Blackwood campgroundPosted: September 20, 2016 Filed under: Access, Travel | Tags: access, camping, LTBMU Leave a comment
For a more formal (minimally) camping experience in the Rubicon area, one of my suggestions is the Blackwood Campground. To get there, drive two miles up Blackwood Canyon on the paved forest road 03, then keep right on to forest road (trail) 15N38, the Middle Fork Trail. The first section of the trail to the camp area is a flat dirt road. Okay, it has a few low rollers and too many potholes, but a motorhome could get there.
This is a designated camp area so you are only allowed to put up a tent and stay over night in one of the six designated campsites. It’s a first come, first serve, no reservation area. There are two pit toilets and plenty of parking for large groups. Although the FS only allows six people per campsite per this sign posted at Blackwood but bearing the name of “Luther Pass”:
There is a large day use meeting/cooking area. Please check fire restrictions before using the BBQ. It would be a great place to have a group meet up as an alternative to the Rubicon staging area.
The campground map:
The pit toilets and ample parking.
Photos of the campsites, some are in the trees more than others. Bear boxes, fire pit with grill and a picnic bench are provided in each site.
Now the signs don’t say anything about parking regulations. So here’s a thought, if the Rubicon staging area is full, park here and either drive the highway down to the Rubicon or if you’re in a green sticker vehicle, drive the LONG drive on forest road 03 over to the Rubicon. It’s probably 15 miles.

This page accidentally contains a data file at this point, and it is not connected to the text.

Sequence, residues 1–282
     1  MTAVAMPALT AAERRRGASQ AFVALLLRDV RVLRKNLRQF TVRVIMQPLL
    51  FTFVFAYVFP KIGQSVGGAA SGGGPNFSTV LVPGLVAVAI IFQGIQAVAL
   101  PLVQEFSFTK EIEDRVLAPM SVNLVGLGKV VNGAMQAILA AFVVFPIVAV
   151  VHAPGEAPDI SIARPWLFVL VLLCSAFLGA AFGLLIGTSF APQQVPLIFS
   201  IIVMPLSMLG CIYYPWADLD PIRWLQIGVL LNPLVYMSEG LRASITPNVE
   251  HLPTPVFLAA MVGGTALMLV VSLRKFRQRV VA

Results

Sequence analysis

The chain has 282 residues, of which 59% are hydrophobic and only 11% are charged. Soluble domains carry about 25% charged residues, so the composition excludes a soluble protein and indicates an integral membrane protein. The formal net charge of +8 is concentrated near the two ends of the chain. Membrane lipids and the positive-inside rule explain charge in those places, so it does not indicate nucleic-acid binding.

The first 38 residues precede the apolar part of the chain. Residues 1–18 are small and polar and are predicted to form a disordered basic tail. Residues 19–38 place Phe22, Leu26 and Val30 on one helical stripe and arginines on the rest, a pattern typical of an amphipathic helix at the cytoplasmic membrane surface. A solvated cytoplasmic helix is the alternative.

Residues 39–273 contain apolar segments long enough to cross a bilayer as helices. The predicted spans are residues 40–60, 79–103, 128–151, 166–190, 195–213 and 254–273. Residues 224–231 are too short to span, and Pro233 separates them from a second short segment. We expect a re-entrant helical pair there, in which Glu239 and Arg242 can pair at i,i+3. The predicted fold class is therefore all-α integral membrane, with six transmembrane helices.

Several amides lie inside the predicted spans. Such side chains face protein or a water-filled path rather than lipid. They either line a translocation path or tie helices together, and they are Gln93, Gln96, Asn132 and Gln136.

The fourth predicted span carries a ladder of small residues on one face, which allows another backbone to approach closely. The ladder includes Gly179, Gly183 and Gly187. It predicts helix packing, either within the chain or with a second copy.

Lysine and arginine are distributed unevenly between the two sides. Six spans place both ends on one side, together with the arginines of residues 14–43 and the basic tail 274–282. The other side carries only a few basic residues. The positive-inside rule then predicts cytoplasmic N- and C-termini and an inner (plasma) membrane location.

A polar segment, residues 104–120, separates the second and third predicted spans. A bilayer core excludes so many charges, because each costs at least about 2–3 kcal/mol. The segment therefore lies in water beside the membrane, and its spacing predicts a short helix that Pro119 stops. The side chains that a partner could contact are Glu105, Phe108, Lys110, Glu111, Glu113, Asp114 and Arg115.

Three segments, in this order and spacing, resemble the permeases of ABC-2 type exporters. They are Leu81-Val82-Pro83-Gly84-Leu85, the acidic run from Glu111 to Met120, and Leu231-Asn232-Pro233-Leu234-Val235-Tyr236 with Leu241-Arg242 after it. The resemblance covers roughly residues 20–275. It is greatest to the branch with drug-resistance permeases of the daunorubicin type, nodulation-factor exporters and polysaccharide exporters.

You could take 15N38 (Middle Fork) to the summit, then 16E79 (Upper Barker Meadow) to 03, then drop down 16E76 (Lower Barker Meadow) to the Rubicon. Lower Barker Meadow OHV Route is a kick in the pants. If you haven’t done it, check it out. You will never hold the steering wheel straight.
Ellis Lake TrailPosted: July 31, 2016 Filed under: Access, Travel | Tags: access, camping, TNF Leave a comment
So, it officially starts as the Ellis Peak Trail (03-04012-05), that’s the right turn past Miller Lake, the range fence and just after the “pond”. There is one dead-end trail that is not marked and not yet blocked, stay left. When you get to a four-way intersection, that should be better marked by Aug 5th, go straight (16E18) don’t turn right.
This route will take you to Ellis Lake.
I was there mid-July and there was still a snow drift or two.
This is a perfect camp for someone who wants to sleep in. The towering ridge to the east, that includes Ellis Peak, shelters you from the morning sun.
I have no idea if there are fish but it would be a great float late in the afternoon. I’ve heard there might be a bug issue in the area too early in the season.
A very short walk provides a view of Blackwood Canyon.
West towards Barker Pass:
Further east towards the entrance of the canyon at the Kaspian Camp ground:
Here’s a view of Ellis Lake from Ellis Peak. Note the severe drop off on what would be the north west corner of the lake.
And a view of Buck Lake and the south end of Lake Tahoe from Ellis Peak.
If you or your club, group business or whatever would like to “Adopt” this trail and campsite, please let me know.
This is just one of many examples of what is out there in the Rubicon Trail area. Get out there and find enjoy it all.
“Turn Around, Don’t Go Around”
Forest Road 03-06-02Posted: June 26, 2016 Filed under: Access, Travel | Tags: access, camping, TNF Leave a comment
So I bought a dual sport. A 2009 Kawasaki KLX250s. Well, this past Saturday I finally got some decent time on it. Earlier, I took the bike up the Rubicon but didn’t get too far. This time it was two and a half hours. I went out exploring the OHV trails around the Barker Pass area.
This writing is specifically about forest road 03-06-02. It is the trail that ventures the furthest west past Barker Pass. At one time, this trail looped around to the south and hooked up with forest road 03. Then came the Granite Chief Wilderness area.